Woodworth, K. R., Gallagher, H. A., Guha, R., Campbell, A. Z., Lopez-Torkos, A. M., and Kim, D. An unfinished canvas. Arts education in California: Taking stock of policies and practices. Summary Report. Menlo Park, CA: SRI International.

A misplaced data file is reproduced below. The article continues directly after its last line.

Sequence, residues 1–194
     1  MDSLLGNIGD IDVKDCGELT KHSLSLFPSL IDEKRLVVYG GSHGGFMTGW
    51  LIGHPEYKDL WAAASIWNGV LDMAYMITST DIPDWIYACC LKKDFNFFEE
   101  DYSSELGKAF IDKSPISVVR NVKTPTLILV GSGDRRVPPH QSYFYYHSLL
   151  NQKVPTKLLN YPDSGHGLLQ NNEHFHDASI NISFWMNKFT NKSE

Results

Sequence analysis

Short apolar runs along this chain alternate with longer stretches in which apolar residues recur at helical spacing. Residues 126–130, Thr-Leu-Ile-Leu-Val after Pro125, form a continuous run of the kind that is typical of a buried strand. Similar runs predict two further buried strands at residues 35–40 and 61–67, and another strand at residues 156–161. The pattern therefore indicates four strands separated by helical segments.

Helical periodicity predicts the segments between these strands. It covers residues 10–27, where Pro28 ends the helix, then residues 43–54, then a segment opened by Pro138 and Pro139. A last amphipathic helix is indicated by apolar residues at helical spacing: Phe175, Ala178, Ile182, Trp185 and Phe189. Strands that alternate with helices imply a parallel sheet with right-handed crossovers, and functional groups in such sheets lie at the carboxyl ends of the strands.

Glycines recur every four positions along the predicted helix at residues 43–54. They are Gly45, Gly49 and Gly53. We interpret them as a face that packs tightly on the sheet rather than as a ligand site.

Over the last decade, California policy-makers have paid increasing attention to the importance of the visual and performing arts in public education (see below). However, beyond developing rigorous standards and calling for instruction in the arts as part of the required course of study, California historically has done little to develop, implement, and sustain comprehensive arts programs that provide all students with access to and opportunities in the arts. Although some California schools have excellent arts programs in place, with well-trained teachers, standards-aligned curricula, and high-quality facilities and materials, most do not. Instead, arts education in California is plagued by a lack of funding, underprepared elementary-level teachers, and inadequate facilities. It suffers from uneven implementation and is often crowded out by other curricular demands. As a result, most students in California do not receive instruction at the level required under state policy. Until now, the state has lacked comprehensive, reliable information to indicate whether it is meeting its goals for arts instruction. Relying on a statewide school survey (1,123 respondents) and case studies of 31 schools in 13 districts, conducted in 2005-06, this first-ever comprehensive study of the state of arts education in California has sought to fill that information gap by taking stock of arts education policies and practices.